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September 23, 2020 4:06 pm

Should Ruth Bader Ginsburg Have Resigned While Barack Obama Was President?

avatar by Alan Dershowitz


US Supreme Court Justice Ruth Bader Ginsburg participates in taking a new family photo with her fellow justices at the Supreme Court building in Washington, D.C., U.S., June 1, 2017. Photo: REUTERS/Jonathan Ernst/File Photo

In the midst of all the well-deserved praise being accorded the late Justice Ruth Bader Ginsburg, some Democrats are grumbling about her decision not to resign while Barack Obama was president and the Senate was controlled by Democrats. Had she done so, her replacement most certainly would have been a liberal woman who could have served on the high court for decades. Ginsburg was in her mid-70s at the time and had already suffered one bout of cancer. She was urged by friends to resign while President Obama could pick her successor. But she made a decision not to, because she believed she had many good years left to serve and cast votes in important cases. She ended up serving with distinction for nearly an additional decade.

In explaining to friends and colleagues why she made the decision to remain on the court, she reportedly said that she had never allowed men to tell her what to do and she was not about to allow Democratic politicians and supporters, mostly men, to demand her resignation, while she still had her mental and physical acuity. And indeed she worked hard to maintain that acuity, exercising – even allowing a book to be written about her exercise regime by her trainer.

So the following question is now being asked: Did she put her own selfish interests ahead of those of Democrats and liberals, whose future may well be affected by her decision not to resign earlier?

Let there be no mistake that Ruth Bader Ginsburg, who I knew for nearly half a century from her time as a professor and an ACLU lawyer, was a zealous liberal, and sometimes partisan. She made her negative views about President Trump public and clear, and she reportedly told her granddaughter that her dying wish was not to be replaced by a president who would obviously select someone whose views were the polar opposite of her own.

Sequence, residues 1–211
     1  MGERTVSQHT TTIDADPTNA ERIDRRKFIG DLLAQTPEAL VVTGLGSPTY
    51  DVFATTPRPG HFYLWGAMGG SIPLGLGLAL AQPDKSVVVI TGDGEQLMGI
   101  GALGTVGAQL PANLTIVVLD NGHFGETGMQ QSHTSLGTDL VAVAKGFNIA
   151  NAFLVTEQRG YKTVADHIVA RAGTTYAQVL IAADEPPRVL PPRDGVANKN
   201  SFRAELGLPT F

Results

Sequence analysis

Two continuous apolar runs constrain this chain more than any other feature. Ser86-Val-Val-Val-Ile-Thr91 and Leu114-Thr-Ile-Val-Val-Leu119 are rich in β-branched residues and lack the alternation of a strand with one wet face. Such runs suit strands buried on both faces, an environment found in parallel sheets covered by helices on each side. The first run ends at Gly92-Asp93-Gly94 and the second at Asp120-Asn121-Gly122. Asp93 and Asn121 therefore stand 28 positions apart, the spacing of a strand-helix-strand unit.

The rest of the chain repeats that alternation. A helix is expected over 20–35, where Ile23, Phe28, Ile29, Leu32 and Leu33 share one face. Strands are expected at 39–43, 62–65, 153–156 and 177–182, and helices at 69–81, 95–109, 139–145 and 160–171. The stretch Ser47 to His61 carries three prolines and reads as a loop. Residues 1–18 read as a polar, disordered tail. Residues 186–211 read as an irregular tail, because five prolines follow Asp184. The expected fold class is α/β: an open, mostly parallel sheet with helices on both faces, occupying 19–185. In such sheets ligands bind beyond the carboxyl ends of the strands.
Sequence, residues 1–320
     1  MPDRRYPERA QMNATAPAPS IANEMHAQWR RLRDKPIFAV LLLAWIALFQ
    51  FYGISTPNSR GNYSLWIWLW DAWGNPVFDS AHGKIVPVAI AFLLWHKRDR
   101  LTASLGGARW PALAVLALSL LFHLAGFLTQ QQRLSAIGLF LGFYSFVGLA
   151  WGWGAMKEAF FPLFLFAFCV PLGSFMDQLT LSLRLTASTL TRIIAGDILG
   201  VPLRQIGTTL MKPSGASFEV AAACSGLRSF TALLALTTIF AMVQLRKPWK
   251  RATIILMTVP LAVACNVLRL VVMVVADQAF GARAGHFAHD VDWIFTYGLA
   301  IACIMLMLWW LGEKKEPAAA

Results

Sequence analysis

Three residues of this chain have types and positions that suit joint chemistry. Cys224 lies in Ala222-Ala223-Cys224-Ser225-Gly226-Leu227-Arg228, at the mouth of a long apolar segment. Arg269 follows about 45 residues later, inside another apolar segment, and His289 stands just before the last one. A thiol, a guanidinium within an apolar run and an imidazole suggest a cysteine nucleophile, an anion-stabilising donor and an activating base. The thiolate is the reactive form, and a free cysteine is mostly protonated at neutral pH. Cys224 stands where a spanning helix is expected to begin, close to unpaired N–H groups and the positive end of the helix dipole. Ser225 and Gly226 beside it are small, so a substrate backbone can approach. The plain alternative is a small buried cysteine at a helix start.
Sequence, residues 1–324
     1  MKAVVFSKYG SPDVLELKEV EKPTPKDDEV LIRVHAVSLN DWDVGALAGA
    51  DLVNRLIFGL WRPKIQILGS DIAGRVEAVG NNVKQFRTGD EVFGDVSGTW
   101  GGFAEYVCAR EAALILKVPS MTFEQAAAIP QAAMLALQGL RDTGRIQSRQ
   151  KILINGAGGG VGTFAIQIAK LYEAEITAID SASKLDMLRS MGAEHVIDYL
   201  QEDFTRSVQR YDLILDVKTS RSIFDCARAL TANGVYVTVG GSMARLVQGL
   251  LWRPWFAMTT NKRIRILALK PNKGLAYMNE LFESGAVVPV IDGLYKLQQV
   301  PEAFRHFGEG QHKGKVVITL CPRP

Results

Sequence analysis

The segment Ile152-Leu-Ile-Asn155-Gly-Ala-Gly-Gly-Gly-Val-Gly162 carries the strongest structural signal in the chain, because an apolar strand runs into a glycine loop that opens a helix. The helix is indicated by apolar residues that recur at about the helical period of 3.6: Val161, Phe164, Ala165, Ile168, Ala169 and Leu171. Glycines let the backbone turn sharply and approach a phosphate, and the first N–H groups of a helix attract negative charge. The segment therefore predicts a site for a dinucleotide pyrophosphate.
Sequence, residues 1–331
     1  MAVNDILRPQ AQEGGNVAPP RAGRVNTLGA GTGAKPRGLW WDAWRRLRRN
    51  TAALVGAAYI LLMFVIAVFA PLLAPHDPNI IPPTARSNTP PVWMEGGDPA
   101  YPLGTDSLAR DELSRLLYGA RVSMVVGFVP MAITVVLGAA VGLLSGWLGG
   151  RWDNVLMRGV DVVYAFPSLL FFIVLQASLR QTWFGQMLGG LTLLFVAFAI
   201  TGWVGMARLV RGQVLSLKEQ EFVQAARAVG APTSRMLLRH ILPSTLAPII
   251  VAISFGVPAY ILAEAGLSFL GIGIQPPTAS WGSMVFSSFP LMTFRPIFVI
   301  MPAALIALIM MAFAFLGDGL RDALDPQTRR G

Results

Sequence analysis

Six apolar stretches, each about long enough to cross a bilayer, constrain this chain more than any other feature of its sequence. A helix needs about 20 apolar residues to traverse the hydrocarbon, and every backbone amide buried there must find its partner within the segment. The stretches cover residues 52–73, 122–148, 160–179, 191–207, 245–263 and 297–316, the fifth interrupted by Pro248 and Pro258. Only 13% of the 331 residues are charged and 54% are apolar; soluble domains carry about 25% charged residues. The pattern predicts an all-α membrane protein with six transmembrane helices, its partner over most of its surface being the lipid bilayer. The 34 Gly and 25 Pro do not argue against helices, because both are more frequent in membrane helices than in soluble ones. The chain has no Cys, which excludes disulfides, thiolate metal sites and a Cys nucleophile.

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She wanted to have it both ways: She wanted to continue serving on the Supreme Court for as long as possible; and she hoped to retire or die when a Democratic president could name her successor. But as an old Yiddish expression goes: “Man (and woman) plan; God laughs.” God obviously upset Ginsburg’s plans by taking her on Rosh Hashanah eve — a time reserved in Jewish tradition for the death of only the most righteous. But death trumped Ginsburg’s wishes, and now it is likely – though still not absolutely certain – that President Trump will get to name her successor and that her successor will be someone who will try hard to reverse at least some decisions that Ginsburg supported.

So was she right or wrong in her decision not to retire earlier? I think she was right, but for reasons different from those currently offered in her defense. Those who urged her to time her resignation so as to secure a liberal replacement, fail to take into account important institutional considerations. For the Supreme Court to retain its credibility as a non-partisan institution that serves as a check and balance against the elected branches of government, its members must not only be non-partisan, they must appear to be non-partisan. Justice must not only be done, but it must be seen to be done. Timing resignations to assure replacements in kind undercut the neutrality of the Supreme Court. Tragically, they reflect the current reality in which partisanship influences nomination and confirmation. For partisanship to also influence resignations and deaths would only further undercut the neutrality of the Supreme Court.

In response to my call for non-partisanship, many on both side of the aisle will argue that the other side started it. And they are both right. It was then Chairman of the Judiciary Committee, Joe Biden who urged President George H.W. Bush not to nominate a justice in the run-up to the election. But when he was Vice President, Biden supported President Obama’s nomination of Merrick Garland eight months before the 2016 election. Now he opposes President Trump’s nomination just weeks before the 2020 election. On the other side of the aisle, we have Lindsey Graham who in 2016 successfully opposed bringing the Garland nomination to the Senate, and now strongly supports bringing President Trump’s nomination to that same body. And then we have Justice Ginsburg herself, who in 2016 stated that the President has the authority to nominate a justice as long as he serves in office.

Unfortunately, partisan politics will continue to influence the Supreme Court in many ways. This will only weaken it as an institution over the long run.

Follow Alan Dershowitz on Twitter: @AlanDersh and Facebook: @AlanMDershowitz.

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